Halloween is right around the corner. Soon, the streets will fill with costumed kids looking for treats from their neighbors. This is how Americans trick-or-treat, but how do other countries around the world celebrate the spookiest night of the year? Let”s find out.
Ireland is where Halloween is believed to have started, and many folks still celebrate it the traditional way. Children spend the early evening trick-or-treating, followed by Halloween parties full of food and games.
The Belgians mark Halloween in a more low key manner. Their tradition on Halloween night is to light candles in memory of their dead relatives.
Halloween in China is known as Teng Chieh, and is the time of year to honor the dead. During Teng Chieh, food and water are placed in front of pictures of deceased friends and family as a tribute. Lanterns and bonfires are also lit as a way to illuminate the paths of spirits as they travel Earth during Teng Chieh.
While parts of Britain still celebrate Halloween in a more traditional style, the majority of the nation celebrates Guy Fawkes Day instead on the 5th of November. Guy Fawkes was a famous English traitor who planned to destroy the English Parliament. Fawkes was instead caught and executed. On this night, bonfires are lit and Guy Fawkes is burned in effigy throughout the country.
The French did not start celebrating Halloween until the late 1990s. For the majority of French citizens, Halloween was widely regarded as an American holiday and not worth celebrating. This changed as the more commercial aspects of the holiday were brought in from America. These days, Halloween is celebrated with a combination of costumed parties and events.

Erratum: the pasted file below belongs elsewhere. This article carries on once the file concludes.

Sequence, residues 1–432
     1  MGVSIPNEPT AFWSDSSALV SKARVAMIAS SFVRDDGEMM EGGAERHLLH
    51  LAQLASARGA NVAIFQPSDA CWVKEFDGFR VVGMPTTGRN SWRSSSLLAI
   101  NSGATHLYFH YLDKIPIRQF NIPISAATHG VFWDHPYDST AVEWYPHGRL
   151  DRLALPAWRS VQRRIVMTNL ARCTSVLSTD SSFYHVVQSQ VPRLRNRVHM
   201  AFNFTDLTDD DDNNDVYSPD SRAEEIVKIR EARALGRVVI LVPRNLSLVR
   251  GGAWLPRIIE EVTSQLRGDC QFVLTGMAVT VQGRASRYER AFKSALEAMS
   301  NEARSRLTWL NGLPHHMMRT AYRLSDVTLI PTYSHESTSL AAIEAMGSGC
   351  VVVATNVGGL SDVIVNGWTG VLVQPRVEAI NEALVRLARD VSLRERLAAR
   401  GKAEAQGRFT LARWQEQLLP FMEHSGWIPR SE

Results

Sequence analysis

Halloween in Japan is known as the “Obon Festival,” which honors the spirits of one”s ancestors. For every night during the festival, candles are lit for spirits to see where their families are. On the final day of Obon, a farewell fire is lit that helps guide the spirits back to their grave.
From October 31st to November 6th, the Swedish celebrate “Alla Helgons Dag,” or All Saints Day. While there are few traditional things done during this time, it”s an official holiday that includes a shortened workday and a holiday for school children.
In Austria, you place bread and water next to a lamp on the table before you go to bed on Halloween. This is meant to welcome returning spirits to Earth.
Halloween for Hong Kong residents is called the Festival of the Hungry Ghosts. According to tradition, spirits roam the Earth for 24 hours during the festival. To appease the spirits and give them something to take back to the afterlife, people burn pictures of money and fruit.
The traditional thing to do on Halloween in Germany is put away your kitchen knives. This is so that the spirits cannot attack you with them in the night.
11.) Spain/Latin America.
The people of Spain and Latin America celebrate El Dia de los Muertos, or the Day of the Dead. This is a three day long festival honoring the memory and spirits of the dead. However, instead of it being a scary or somber holiday, the mood of the event is celebratory.
In the Czech Republic, it is a tradition to place an empty chair by the fireplace on Halloween night for every one of your relatives, both living and dead.
Halloween in Korea is called Chuseok. It”s the time of year to pay tribute to and thank one”s ancestors for their accomplishments. This includes paying a visit to their graves and leaving tokens of food.
Via: All Day
These are all so different from Halloween in America. It sounds like it would be pretty fun though to spend Halloween in Ireland. After all, they did pretty much invent the holiday.